Furbaide frowned, not wishing to think ill of his father or to spare any pity for the woman in the lake. She stopped swimming and leaned back in the water, closing her eyes, no doubt enjoying the sun on her skin. How dare she take pleasure in life while Furbaide’s mother had never lived to hold her babe in her arms?

But perhaps the gods were on his side today? Perhaps this was his opportunity to take revenge? Surely his whole life, from the moment he had drawn a bloody breath, had led to this?

Furbaide was famous for his skills with a sling. He carried his weapon always, but he had brought no ammunition. Nothing but a picnic in an unwrapped cloth.

The cheese was round and hard, the perfect size for the sling’s pouch. Furbaide closed one eye and focused on his target: Maeve’s forehead, high and white. In combat, none could beat him, but this might be the most important shot of his life. It hit her between the eyes and she slunk dead into the water. The proud Queen of Connacht, felled by cheese.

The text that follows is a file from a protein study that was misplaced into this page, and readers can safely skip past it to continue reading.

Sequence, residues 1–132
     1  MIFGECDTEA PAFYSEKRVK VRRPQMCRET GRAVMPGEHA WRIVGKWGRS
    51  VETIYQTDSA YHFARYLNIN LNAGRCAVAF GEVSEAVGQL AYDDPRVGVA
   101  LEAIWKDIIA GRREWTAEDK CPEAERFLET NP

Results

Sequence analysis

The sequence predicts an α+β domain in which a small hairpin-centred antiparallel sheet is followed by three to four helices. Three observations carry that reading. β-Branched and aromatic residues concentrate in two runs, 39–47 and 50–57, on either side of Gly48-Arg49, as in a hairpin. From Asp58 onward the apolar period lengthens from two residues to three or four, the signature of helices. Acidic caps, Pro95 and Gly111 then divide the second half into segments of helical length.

She was buried in Sligo, at the top of Knocknarea from where she could view her entire kingdom. She stood upright, facing Ulster, so none of her old enemies could feel safe from her even in death.

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The Sea Calls Back Its Own

Enniscrone, County Sligo

Photo of Enniscrone beach by joushikijin, licensed under Creative Commons

Idir gaoth is idir tonn
Idir tuilleadh is idir gann
Casann sí dhom
Amhrán na Farraige

Between the winds, between the waves
Between the sands, between the shore
From the shell
A song of the sea

— Saoirse’s song, Song of the Sea (2014)